South Korea has long boasted some of the world's fastest and most accessible Internet. <a href="http://news.cnet.com/2300-17938_105-10012951-5.html" target="_hplink">More than 94 percent of South Koreans</a> have high-speed connections. In addition, the South Korean government has pledged to give its citizens access to 1 Gigabit per second Internet by the end of this year -- or <a href="http://www.nytimes.com/2011/02/22/technology/22iht-broadband22.html" target="_hplink">more than 200 times faster than the average household in the United States</a>. "South Korean homes now have greater Internet access than we do," he said during his <a href="http://www.whitehouse.gov/state-of-the-union-2011" target="_hplink">2011 State of the Union address</a>.
In 2010, Finland became the first country in the world to make broadband access a <a href="http://www.huffingtonpost.com/2009/10/14/finland-broadband-access_n_320481.html" target="_hplink">legal right for all citizens</a>. That right: every one of the country's 5.3 million people will have guaranteed access to a high-speed Internet connection. Meanwhile, in the United States, about 19 million people have no access to high-speed Internet where they live. Finland isn't stopping there. It plans to make lightning-fast 100-megabit broadband service a legal right by the end of 2015.
Swedish broadband is twice as fast and costs one-third the price of broadband in the U.S., <a href="http://newamerica.net/publications/policy/price_of_the_pipe" target="_hplink">according to a study by the New America Foundation</a>. In 2007, a 75-year-old woman from central Sweden <a href="http://www.google.com/url?sa=t&rct=j&q=&esrc=s&source=web&cd=4&ved=0CDwQFjAD&url=http%3A%2F%2Fslashdot.org%2Fstory%2F07%2F07%2F12%2F1236231%2Fworlds-fastest-broadband-connection-40-gbps&ei=l3RGUOzxDMjn0QGY3YDwCw&usg=AFQjCNEwTvCABgII17xzH-oyvMmMRVf0VQ" target="_hplink">made headlines</a> when she was given the world's fastest internet connection. She could download a full high-definition DVD in just two seconds.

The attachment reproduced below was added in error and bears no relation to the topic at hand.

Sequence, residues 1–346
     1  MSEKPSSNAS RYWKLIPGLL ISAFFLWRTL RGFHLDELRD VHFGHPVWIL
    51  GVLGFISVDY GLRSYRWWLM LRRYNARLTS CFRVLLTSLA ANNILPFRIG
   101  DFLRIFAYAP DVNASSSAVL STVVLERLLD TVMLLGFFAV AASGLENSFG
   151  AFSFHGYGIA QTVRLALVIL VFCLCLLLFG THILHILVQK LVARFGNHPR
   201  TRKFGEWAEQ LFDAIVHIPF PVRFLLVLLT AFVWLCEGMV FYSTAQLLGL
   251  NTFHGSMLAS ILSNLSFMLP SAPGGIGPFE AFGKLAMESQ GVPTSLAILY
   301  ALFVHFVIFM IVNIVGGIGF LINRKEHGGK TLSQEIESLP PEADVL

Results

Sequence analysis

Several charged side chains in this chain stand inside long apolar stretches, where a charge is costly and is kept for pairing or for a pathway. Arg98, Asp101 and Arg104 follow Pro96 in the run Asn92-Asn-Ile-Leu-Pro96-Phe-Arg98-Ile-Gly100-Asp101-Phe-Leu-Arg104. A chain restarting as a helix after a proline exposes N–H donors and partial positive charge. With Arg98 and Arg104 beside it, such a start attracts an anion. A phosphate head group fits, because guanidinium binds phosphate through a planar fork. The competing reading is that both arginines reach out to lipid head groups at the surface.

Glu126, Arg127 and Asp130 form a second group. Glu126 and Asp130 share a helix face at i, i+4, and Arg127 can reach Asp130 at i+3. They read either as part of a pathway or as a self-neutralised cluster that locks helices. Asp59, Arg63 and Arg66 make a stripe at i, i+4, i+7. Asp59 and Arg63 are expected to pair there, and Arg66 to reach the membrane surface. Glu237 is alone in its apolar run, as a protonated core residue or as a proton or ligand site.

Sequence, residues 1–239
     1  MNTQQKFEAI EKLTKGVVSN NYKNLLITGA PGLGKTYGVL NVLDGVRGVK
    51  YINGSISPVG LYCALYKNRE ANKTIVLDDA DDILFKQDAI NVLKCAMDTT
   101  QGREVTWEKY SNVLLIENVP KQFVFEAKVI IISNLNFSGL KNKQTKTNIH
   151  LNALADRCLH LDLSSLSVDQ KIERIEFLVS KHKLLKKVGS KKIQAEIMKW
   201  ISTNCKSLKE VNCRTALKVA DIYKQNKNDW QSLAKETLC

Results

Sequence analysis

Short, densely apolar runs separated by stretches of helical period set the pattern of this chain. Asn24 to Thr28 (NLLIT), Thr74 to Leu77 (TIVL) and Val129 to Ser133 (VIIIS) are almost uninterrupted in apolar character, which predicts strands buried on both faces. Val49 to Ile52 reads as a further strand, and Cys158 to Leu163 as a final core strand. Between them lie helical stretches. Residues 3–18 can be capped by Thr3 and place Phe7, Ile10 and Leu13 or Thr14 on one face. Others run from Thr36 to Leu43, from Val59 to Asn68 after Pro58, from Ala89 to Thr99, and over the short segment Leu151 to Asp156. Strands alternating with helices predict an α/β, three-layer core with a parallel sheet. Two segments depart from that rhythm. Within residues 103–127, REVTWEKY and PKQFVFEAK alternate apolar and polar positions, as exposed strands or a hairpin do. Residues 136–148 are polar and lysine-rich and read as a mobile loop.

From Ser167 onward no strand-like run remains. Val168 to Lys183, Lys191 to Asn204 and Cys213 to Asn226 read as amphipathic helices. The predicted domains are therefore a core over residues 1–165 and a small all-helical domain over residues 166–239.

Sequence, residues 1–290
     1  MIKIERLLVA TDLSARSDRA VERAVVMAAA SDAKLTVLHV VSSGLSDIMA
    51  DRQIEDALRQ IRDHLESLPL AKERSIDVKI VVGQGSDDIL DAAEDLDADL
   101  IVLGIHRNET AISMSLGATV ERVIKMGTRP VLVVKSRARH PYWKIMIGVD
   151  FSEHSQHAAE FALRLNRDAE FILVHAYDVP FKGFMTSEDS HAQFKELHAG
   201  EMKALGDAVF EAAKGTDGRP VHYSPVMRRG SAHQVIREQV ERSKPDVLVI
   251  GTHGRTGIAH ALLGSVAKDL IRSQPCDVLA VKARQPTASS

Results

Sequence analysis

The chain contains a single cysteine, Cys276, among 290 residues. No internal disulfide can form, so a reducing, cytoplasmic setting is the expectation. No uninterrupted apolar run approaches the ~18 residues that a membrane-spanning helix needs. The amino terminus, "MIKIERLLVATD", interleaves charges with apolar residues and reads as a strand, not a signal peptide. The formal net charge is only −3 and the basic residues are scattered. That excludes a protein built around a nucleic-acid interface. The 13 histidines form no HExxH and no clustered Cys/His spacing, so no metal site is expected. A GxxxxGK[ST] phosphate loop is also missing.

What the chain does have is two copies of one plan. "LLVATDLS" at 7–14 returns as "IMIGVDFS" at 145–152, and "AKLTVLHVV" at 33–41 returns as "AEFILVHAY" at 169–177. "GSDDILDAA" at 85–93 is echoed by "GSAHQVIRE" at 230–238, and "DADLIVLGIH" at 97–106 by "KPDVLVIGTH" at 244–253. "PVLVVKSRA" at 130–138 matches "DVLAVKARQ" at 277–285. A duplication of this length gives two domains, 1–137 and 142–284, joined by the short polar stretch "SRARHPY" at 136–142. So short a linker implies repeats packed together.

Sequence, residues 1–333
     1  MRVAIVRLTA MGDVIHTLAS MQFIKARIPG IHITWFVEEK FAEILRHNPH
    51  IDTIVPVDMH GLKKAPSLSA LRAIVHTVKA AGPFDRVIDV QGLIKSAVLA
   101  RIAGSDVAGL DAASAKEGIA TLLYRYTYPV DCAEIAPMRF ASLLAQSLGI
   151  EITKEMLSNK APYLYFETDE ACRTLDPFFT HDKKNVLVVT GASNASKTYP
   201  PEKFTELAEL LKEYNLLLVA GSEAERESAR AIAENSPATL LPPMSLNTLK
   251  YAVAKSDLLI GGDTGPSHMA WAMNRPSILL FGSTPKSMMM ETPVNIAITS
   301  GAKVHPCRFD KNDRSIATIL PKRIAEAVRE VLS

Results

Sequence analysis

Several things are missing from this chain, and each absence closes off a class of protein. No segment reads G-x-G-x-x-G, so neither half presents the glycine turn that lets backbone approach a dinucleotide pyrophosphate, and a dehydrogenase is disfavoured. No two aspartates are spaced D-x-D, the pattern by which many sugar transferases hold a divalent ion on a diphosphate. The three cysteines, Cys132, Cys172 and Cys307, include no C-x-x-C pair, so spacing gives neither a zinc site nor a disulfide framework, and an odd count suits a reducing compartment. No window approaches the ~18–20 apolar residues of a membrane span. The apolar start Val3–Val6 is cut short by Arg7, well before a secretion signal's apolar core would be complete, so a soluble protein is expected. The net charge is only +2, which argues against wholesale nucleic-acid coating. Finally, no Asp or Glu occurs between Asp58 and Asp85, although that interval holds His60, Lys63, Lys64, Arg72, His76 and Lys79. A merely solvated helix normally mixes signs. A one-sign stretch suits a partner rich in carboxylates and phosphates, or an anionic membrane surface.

Japanese has some of the cheapest connections in the world,<a href="http://www.oecd.org/internet/broadbandandtelecom/oecdbroadbandportal.htm" target="_hplink"> according to the OECD</a>. Japan's government has offered companies generous tax incentives to invest in fiber-optic cables. "The Japanese think long-term," a technology consultant told <a href="http://www.nytimes.com/2007/10/03/business/worldbusiness/03broadband.html?pagewanted=print" target="_hplink">The New York Times in 2007</a>. "If they think they will benefit in 100 years, they will invest for their grandkids. There's a bit of national pride we don't see in the West."
"Consumer broadband prices in France are now among the most affordable in the world," <a href="http://cyber.law.harvard.edu/sites/cyber.law.harvard.edu/files/Berkman_Center_Broadband_Final_Report-Country_Overviews_15Feb2010.pdf" target="_hplink">according to a study</a> by Harvard's Berkman Center for Internet & Society. The study attributed the low prices to regulations that allow rival Internet providers to share access to broadband infrastructure. France is also one of several countries that have declared Internet access "<a href="http://www.foxnews.com/story/0,2933,525993,00.html" target="_hplink">a basic human right</a>."